Indonesia’s Finance Minister, Sri Mulyani Indrawati, returned last month from a top post at the World Bank pledging to drill incompetent officials and pursue tax evaders with the same grit and persistence that earned her many political enemies in the same role a decade ago.
The hard-nosed technocrat gained a reputation as one of Indonesia’s most important reformers during her first stint as finance minister, from 2005 to 2010, in large part by targeting corruption in the country’s tax and customs offices. Her reforms helped boost Indonesia’s tax haul before she resigned amid a probe into the bailout of a failing bank, which her supporters viewed as a way to drive her from office.
This time, Ms. Sri Mulyani has the support of President Joko Widodo and says she is “very comfortable” with degree of political backing for tax reform. And again, she says she is taking aim at tax evaders to expand—and retain—government revenue.
“This is not a personal battle. This is really the need of the country to build the right reputation…to build a good and sound system,” she told The Wall Street Journal in an interview.
Ms. Sri Mulyani plays a critical role in Mr. Widodo’s recently revamped government. He needs to find huge sums to finance a catalog of infrastructure projects, including more than $80 billion a year to pay for roads, ports and railways. Some of this money will come from overseas borrowing or development agencies. But much of it also has to come from local sources, and that means eliminating some of the country’s gaping tax holes. That is where Ms. Sri Mulyani fits in.
The centerpiece of the new tax program is an amnesty designed to encourage more businesses to enter the formal economy and encourage wealthier Indonesians to repatriate some of their undeclared riches. The program began last month and runs until March 2017, with penalties on repatriated funds beginning at as low as 2% before progressively rising after September 30.
The initiative has gotten off to a slow start, though, raising just 693 billion rupiah ($53 million) of the 165 trillion rupiah target so far. Ms. Sri Mulyani acknowledged that widening the tax base at home will be difficult, too. Around 30 million of Indonesia’s 94 million individual income earners are registered taxpayers, and only a third of those people actually paid taxes last year. Getting people to pay what they owe will require closer scrutiny, and rigorously assessing the performance of tax officials, she said.
“If we see some activity in the economy is actually thriving and there is no tax being paid by that activity, we will start enforcing—questioning first and then enforcing,” Ms. Sri Mulyani said. Even with a minimal fine, some individuals and business will try to avoid complying with the tax laws, she added, but “we are really trying to narrow or eliminate this room for them to try and play around.”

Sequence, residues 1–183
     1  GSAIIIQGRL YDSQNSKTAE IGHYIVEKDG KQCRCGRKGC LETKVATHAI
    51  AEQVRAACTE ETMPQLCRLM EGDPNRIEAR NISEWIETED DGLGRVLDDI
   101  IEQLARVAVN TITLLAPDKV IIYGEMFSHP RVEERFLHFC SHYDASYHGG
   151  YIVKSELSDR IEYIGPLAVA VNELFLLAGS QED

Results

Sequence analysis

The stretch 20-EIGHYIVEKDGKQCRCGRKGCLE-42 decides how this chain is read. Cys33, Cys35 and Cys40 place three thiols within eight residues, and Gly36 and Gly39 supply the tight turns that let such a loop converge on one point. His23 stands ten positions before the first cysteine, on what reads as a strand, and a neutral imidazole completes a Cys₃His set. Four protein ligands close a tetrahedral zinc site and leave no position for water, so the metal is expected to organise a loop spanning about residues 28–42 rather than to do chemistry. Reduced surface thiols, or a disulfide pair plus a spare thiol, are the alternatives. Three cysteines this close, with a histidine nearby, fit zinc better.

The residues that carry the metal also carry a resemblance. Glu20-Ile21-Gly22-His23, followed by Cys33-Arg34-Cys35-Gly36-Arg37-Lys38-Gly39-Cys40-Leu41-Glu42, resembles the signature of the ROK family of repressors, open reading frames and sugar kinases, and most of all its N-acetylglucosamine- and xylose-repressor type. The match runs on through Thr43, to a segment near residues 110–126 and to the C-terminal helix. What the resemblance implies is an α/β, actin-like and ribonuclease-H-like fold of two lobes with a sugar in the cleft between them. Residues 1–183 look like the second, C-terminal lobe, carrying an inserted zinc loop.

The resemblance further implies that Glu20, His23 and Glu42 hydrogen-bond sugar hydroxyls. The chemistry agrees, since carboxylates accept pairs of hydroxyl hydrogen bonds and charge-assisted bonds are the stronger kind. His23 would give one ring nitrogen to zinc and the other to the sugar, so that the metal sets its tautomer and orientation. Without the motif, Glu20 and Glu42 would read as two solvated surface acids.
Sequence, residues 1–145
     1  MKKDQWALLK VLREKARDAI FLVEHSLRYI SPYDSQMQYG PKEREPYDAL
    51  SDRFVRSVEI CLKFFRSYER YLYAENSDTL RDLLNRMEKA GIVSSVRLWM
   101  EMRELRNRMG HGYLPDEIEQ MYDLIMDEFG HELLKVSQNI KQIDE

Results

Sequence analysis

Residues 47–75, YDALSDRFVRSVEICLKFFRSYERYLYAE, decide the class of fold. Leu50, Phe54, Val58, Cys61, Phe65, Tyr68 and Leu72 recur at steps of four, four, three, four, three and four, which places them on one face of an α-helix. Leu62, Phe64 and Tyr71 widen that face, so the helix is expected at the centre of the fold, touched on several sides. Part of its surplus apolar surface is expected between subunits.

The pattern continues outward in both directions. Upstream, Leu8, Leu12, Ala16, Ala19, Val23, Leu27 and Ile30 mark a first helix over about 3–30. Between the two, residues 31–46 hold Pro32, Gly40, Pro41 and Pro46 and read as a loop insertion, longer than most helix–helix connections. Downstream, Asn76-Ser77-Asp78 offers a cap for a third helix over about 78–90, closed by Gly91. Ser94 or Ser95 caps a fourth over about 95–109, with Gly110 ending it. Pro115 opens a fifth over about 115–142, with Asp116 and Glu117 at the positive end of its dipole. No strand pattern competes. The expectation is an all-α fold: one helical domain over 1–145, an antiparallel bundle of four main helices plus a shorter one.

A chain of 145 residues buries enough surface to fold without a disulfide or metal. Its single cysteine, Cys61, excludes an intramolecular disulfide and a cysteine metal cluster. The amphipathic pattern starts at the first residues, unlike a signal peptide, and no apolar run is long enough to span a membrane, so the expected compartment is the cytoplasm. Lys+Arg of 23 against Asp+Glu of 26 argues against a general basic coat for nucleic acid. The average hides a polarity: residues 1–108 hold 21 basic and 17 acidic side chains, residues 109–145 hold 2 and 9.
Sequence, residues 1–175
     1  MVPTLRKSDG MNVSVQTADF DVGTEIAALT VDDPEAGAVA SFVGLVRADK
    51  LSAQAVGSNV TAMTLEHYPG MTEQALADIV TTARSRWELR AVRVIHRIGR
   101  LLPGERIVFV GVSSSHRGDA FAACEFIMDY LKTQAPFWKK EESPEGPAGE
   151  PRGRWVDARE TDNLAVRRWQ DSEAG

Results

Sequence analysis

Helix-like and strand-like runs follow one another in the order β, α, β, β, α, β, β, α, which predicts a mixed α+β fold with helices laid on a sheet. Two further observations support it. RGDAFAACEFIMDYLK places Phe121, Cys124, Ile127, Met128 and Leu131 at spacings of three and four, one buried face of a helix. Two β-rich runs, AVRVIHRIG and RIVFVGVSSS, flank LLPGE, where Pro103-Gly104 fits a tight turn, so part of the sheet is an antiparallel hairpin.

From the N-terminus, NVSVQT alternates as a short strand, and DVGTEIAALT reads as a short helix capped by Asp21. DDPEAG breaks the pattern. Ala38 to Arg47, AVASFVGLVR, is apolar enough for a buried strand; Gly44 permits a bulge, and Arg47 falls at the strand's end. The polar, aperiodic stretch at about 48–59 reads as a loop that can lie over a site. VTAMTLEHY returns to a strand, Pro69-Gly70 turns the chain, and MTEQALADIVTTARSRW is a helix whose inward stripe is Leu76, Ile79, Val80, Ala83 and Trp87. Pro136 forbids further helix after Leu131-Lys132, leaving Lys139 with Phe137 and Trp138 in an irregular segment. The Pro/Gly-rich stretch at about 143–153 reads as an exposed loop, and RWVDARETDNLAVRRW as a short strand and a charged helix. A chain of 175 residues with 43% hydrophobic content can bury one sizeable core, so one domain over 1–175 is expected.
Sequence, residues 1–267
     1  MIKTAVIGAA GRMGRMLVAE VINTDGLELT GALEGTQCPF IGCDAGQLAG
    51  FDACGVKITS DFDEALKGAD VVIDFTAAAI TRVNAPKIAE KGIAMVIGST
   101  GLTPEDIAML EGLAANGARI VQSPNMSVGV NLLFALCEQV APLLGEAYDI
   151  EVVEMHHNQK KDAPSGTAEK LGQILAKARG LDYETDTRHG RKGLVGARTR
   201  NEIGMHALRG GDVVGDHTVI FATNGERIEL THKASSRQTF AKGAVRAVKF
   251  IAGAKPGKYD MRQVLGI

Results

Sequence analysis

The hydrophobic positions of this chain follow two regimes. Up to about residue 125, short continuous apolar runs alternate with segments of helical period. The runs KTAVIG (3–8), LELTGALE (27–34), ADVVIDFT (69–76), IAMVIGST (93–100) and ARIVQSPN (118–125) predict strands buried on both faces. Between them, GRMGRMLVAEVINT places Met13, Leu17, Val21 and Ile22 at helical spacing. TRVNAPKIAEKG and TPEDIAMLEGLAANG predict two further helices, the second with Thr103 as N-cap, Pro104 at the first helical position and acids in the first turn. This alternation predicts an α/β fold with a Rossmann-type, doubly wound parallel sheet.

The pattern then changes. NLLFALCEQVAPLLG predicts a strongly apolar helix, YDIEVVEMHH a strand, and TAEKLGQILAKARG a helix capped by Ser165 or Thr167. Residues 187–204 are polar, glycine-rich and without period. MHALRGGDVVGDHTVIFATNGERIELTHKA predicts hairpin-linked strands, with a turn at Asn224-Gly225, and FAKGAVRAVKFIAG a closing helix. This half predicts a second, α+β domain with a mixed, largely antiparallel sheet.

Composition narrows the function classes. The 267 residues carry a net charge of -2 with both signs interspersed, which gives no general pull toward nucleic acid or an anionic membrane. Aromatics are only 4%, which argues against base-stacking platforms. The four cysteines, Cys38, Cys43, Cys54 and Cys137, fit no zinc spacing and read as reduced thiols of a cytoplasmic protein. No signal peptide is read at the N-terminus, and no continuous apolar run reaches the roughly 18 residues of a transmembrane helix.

Other inducements include recently announced plans to cut Indonesia’s corporate tax rate to 17% from 25% in order compete better with lower-tax countries such as Singapore and draw in more investment. Ms. Sri Mulyani’s overall goal is to increase the ratio of Indonesia’s tax take to gross domestic product from the current 11% to somewhere closer to the 15% which some other countries in region have achieved.
‘The value of doing something right in this country is very real.’
“The value of doing something right in this country is very real,” she said, explaining why she left her job as a managing director at the World Bank. “It’s about what you choose, and I chose to take a role that maybe has a much more meaningful impact on my own country.”
But while many economists have hailed Ms. Sri Mulyani’s appointment, some point out that she is returning to a country facing different challenges that it did when she first helmed the finance ministry. The amnesty has also come under scrutiny for lacking details and rewarding tax evaders.
Specifically, resource-rich Indonesia was benefiting from a global commodities boom during her first run in office, but today slowing demand from China in particular has seen the central bank slash policy rates by a cumulative 100 basis points after the economy expanded by its slowest speed in six years in 2015.
Ms. Sri Mulyani said credible policies were needed to spur more investment so the government didn’t have to rely entirely on its own coffers for infrastructure spending that could offset the waning appetite for Indonesia’s palm oil, coal and natural gas. She also said she that with the central bank’s policy rate at 5.25%, and given strong fiscal policy and stable inflation, there is still room to adjust rates lower to provide the economy with an additional kick if there are more external shocks in Europe or the U.S.
“We cannot prevent volatility, but we can absorb volatility. We will be able to manage it,” Ms. Sri Mulyani said.